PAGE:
BokBoks pizza place in Keremeos has closed its doors to take a stand against mandatory masks. It has a new sign up this weekend. (Twitter photo)

South Okanagan pizza place shuts down, changes its name to ‘Hydroxychloroquine’

BokBoks said it closed to fight against mandatory mask requirements

A pizza place in Keremeos has closed its doors and changed its name to fight against mandatory mask requirements. Bokboks Pizza has replaced its sign with a new one reading ‘Hydroxychloroquine.’

Hydroxychloroquine is a medication used to treat malaria and other diseases like lupus. It went under the spotlight when U.S. President Donald Trump referenced it in warding off COVID-19.

Bokboks, which has been in the community for several years, shut down late this week, posting a note saying they are trying to make a stand and will not enforce “so-called mandatory masks on our customers when it should be freedom of choice.”

READ MORE: Organizer of anti-mask protest fined $2,300

A note posted on the door reads: “We tried to make a stand but the rest of the businesses in town did not stand up with us and say no to all this. A neighbour out of greed even phoned the police on us until more people stand up and say no making we will be closed.

“Our health will not take the stress of trying to fight our public servants who think they are our authorities in this town on our own. Remember people they work for us.”

On Bokboks Facebook page it says the pizza by the slice restaurant is ‘closed permanently.’ Attempts to contact Bokboks by press deadline were not successful.

This is one of the signs posted on the door of BokBoks.

To report a typo, email: editor@pentictonwesternnews.com.


 

@PentictonNews
newstips@pentictonwesternnews.com

Like us on Facebook and follow us on Twitter.

Coronavirus

Get local stories you won't find anywhere else right to your inbox.
Sign up here

Just Posted

(News Bulletin file photo)
Nanaimo school district headed toward 26-per cent overcapacity in next 10 years

Using B.C. Assessment and municipal stats, consultant projects more than 18,300 students in 2030

A Nanaimo man is offering a $300 reward for information that leads to the arrest and conviction of the person who broke into his SUV and stole components from his drone. (News Bulletin file photo)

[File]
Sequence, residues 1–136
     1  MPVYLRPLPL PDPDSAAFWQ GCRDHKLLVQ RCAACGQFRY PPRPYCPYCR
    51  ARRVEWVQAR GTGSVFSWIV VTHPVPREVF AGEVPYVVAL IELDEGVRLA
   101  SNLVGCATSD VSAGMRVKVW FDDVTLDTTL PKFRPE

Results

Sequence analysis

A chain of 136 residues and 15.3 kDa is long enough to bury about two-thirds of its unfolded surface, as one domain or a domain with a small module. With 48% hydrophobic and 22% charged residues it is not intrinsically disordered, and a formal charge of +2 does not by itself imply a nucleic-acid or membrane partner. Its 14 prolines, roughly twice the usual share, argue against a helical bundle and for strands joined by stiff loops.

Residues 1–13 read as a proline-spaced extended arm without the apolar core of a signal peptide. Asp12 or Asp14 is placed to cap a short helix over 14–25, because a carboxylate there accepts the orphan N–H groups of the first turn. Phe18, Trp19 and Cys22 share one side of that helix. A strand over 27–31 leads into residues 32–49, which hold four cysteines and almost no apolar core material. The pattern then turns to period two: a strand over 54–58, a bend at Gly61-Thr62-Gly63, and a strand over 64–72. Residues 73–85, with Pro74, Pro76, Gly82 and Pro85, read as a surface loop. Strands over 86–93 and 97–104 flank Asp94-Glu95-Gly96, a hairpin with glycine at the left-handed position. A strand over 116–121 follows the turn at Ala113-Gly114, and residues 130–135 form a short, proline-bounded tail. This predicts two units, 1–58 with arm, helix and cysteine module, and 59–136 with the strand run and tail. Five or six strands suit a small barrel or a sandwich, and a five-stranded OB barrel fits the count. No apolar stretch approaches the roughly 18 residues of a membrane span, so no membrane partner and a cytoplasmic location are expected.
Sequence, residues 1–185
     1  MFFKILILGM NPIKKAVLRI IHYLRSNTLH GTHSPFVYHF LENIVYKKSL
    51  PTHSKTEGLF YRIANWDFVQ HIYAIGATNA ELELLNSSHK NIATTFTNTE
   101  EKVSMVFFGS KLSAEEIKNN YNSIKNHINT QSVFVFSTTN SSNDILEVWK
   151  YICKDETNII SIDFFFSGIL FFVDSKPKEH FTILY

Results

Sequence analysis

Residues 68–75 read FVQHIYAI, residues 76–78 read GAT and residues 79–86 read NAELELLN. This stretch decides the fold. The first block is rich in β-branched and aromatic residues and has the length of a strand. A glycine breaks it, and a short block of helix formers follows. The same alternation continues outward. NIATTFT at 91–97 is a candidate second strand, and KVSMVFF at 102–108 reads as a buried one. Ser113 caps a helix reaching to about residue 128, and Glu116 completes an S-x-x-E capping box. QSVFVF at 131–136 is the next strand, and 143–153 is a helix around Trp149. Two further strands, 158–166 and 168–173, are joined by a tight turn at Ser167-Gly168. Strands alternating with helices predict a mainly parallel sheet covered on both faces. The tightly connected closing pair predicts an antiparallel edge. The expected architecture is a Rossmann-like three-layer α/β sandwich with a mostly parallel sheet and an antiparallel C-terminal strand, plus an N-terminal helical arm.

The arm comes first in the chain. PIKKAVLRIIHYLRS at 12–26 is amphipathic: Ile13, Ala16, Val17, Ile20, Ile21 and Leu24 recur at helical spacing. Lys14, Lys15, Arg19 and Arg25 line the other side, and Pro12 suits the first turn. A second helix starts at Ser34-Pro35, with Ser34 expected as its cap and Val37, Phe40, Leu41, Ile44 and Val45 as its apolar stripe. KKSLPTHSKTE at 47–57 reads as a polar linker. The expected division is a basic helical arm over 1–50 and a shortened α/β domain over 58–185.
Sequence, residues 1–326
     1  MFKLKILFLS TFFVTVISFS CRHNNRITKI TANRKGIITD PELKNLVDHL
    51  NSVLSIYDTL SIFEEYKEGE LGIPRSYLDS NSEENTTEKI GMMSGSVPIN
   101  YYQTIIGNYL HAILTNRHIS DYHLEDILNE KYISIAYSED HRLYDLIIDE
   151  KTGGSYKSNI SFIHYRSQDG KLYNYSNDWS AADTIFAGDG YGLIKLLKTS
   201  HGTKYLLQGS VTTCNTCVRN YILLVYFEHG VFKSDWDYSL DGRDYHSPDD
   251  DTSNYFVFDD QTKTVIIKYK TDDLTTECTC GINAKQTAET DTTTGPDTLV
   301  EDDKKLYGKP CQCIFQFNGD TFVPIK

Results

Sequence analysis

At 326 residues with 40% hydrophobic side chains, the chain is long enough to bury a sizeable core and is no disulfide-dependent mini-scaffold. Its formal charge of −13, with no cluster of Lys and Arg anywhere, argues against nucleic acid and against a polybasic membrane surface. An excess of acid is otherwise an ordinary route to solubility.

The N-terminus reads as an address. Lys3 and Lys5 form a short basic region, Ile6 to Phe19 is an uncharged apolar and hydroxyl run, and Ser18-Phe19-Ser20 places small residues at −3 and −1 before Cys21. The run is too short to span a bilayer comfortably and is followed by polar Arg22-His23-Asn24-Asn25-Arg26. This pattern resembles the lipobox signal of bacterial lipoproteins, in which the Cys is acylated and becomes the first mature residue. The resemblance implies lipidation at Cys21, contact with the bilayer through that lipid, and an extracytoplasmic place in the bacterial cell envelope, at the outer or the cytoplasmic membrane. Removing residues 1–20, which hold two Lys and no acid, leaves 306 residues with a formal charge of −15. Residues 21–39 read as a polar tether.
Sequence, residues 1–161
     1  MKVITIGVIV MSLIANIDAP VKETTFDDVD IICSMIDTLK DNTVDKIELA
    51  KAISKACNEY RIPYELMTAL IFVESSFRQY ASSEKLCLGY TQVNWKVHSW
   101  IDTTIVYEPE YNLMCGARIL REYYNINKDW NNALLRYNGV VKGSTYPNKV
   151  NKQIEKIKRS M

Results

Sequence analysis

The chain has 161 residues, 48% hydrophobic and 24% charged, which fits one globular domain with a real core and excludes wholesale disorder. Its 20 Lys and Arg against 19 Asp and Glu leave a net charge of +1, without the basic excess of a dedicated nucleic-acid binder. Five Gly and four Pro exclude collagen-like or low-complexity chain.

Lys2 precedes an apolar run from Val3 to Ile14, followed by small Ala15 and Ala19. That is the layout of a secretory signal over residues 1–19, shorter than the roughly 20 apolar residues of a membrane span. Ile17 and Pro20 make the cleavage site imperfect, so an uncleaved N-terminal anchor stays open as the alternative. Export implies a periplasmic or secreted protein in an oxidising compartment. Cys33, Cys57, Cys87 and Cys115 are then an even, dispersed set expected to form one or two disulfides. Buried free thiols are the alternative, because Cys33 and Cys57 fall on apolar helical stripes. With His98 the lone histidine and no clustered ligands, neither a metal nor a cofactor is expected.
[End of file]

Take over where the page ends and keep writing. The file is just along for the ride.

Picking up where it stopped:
Drone owner offering reward after components stolen from his vehicle in Nanaimo

Vehicle break-in happened last month on Departure Bay Road

Regenerative farming that meets genuine needs should take priority over commercial recklessness, says columnist. (Stock photo)
Column: Hubris, greed causing humans to live destructively

Placing the economy as the top priority is licence to destroy natural systems, says columnist

Kyle Patrick McGuire was give a nine-month non-custodial sentencing to be followed by two years of probation on Wednesday, March 3, at the Nanaimo Law Courts. (PQB News file photo)
Bowser man sentenced to house arrest after guilty plea to child pornography offence

Nine-month non-custodial sentence to be followed by two years probation

A concept for development of the Green Thumb property in north Nanaimo. (Barefoot Planning and Design image)
LETTERS TO THE EDITOR: Develop land with care and thought

It’s getting to the point that you can’t go a block without seeing more apartments, says letter writer

Provincial health officer Dr. Bonnie Henry updates B.C. on the COVID-19 situation. (B.C. government)
Dr. Bonnie Henry predicts a ‘post-pandemic world’ for B.C. this summer

‘Extending this second dose provides very high real-world protection to more people, sooner’

(The Canadian Press)
‘Worse than Sept. 11, SARS and financial crisis combined’: Tourism industry in crisis

Travel services saw the biggest drop in active businesses with 31 per cent fewer firms operating

Pictures and notes in from friends and classmates make up a memorial in support and memory of Aubrey Berry, 4, and her sister Chloe, 6, during a vigil held at Willows Beach in Oak Bay, B.C., on December 30, 2017. THE CANADIAN PRESS/Chad Hipolito
Mother of slain daughters supports recent changes to Canada’s Divorce Act

Sarah Cotton-Elliott said she believed her children took a back seat to arranging equal parenting

The Port Alice pulp mill has been dormant since 2015. (North Island Gazette file photo)
Parts recycled, life returning to inlet as as old Port Alice mill decommissioned

Bankruptcy company oversees de-risking the site, water treatment and environmental monitoring

(Black Press Media files)
Medicine gardens help Victoria’s Indigenous kids in care stay culturally connected

Traditional plants brought to the homes of Indigenous kids amid the COVID-19 pandemic

The Conservation Officers Service is warning aquarium users after invasive and potentially destructive mussels were found in moss balls from a pet store. (BC Conservation Officers Service/Facebook)
Aquarium users in B.C. warned after invasive mussels found at pet store

Conservation officers were told the mussels were found in a moss ball from a Terrace pet store.

A rendering of Front Street transportation improvements set to get underway as soon as next week. (McElhanney image/City of Nanaimo)
Work set to start on Front Street cycle track in downtown Nanaimo

Road work and street reconfiguration project scheduled to start in March, finish in May

Most Read